Three greenhouses: bee hives of activity
Martens-Goos (M.T.S.), a farm in North Brabant started out in 1970 as a small farm on an area of 2,000 square metres.
Coen Martens, the current owner, entered into a professional partnership with his father in 1986. Through the years, the farm has grown to 2.5 hectares of greenhouses. Three of the greenhouses host crops of poly lettuce (small heads) and cucumber. In summer there are strawberries, too. Coen is enthusiastic about the way his farm is thriving.
Forty cucumbers per plant
The two crops in our greenhouses are a good combination. The cucumber crop cycle runs from February until October, whereas the lettuce crop cycle runs from October until February.
Both crops require an entirely different approach in terms of cultivation. First, I will tell you about how we cultivate cucumbers. Rather than directly in the soil, cucumbers grow on substrate mats. The plants are supplied to us in pots, which we put on the mats. The roots grow into the mat, which enables us to very precisely control their nutrition. Every cucumber plant receives nutrients though its own trickler. A cucumber plant grows upwards along a piece of string and can grow up to five centimetres a day. In order to make sure the growth process goes as it should, the pots have to be turned three times weekly. We call this ‘turning and pruning’. Five weeks later, they are ready to be harvested. Until 20 June, we harvest about forty cucumbers per plant. The plants are then cleared, and the greenhouses are prepared for the second crop cycle. This process lasts until early October, at which point the greenhouses are entirely cleared. The used substrate mats are recycled and made into bricks. We always start a new season on new mats.’
Phases of planting and harvesting
After the greenhouses are cleared, the lettuce plants go into the soil,’ says Coen. This is done phases; every two to three days, we plant twenty to twenty-five thousand plants.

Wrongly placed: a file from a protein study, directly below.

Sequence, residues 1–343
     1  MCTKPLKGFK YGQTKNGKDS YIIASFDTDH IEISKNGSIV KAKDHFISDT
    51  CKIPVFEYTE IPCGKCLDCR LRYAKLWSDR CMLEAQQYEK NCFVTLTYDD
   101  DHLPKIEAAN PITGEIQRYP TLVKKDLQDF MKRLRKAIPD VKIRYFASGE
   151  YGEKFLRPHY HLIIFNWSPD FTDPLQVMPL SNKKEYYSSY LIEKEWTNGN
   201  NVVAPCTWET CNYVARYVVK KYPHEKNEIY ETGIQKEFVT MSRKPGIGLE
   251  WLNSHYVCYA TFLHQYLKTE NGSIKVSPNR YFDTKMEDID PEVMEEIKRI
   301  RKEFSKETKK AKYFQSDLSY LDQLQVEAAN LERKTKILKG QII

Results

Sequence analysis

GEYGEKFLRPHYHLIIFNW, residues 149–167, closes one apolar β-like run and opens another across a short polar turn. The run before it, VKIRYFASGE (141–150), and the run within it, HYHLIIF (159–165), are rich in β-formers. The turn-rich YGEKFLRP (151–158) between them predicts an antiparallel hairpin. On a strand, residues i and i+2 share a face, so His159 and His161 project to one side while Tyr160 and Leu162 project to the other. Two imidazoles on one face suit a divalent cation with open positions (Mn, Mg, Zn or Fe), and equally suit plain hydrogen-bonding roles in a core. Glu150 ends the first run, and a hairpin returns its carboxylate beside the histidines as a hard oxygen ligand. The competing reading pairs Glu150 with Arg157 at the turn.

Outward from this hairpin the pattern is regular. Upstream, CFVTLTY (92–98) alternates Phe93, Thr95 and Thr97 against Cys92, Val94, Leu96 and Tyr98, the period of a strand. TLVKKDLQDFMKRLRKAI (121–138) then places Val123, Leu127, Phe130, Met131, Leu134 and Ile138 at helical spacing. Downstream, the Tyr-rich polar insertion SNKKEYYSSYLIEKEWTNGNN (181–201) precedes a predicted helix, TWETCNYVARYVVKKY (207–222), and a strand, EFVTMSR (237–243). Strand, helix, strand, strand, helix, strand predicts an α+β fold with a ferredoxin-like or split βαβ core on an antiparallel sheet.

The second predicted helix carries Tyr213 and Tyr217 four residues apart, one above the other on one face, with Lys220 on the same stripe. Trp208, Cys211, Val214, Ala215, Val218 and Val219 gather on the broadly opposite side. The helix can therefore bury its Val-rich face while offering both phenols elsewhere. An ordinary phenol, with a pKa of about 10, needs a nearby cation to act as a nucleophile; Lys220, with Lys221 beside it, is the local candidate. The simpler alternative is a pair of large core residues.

The harvest starts around 5 December. You have to know exactly when to harvest which crops. We have a formula for this: a day’s difference in planting is a week’s difference in harvesting during the winter. The last harvest is in February. We then prepare the greenhouse for the cucumbers again. We run the cycle of cucumbers, clearing, lettuce, clearing, simultaneously in all three of our greenhouses.’
Strawberries on stands
In summer we also cultivate strawberries,’ says Coen. These are placed on 1.5-metre-high platforms in huge pots of soil.
Strawberries, like lettuce, are planted and harvested in phases. The first plants are put into the soil at the end of May and can be harvested from mid July until the end of October.
The work at M.T.S. is intense, and staff are needed throughout the entire year.
‘I’ve been employing Romanian and Polish staff for years,’ says Coen. Three of them have a fixed contract and are here throughout the year. During the peak season, I issue temporary contracts and the size of my staff may go up to twenty. Because these seasonal workers have to stay somewhere, I made sleeping arrangements for them. About five years ago, I converted two sheds into apartment buildings. My employees can live here whilst they have a contract. They enjoy working here. Our staff turnover is low, and most employees return every year. This makes my job easier, too, because I don’t have to explain the same things over and over again.’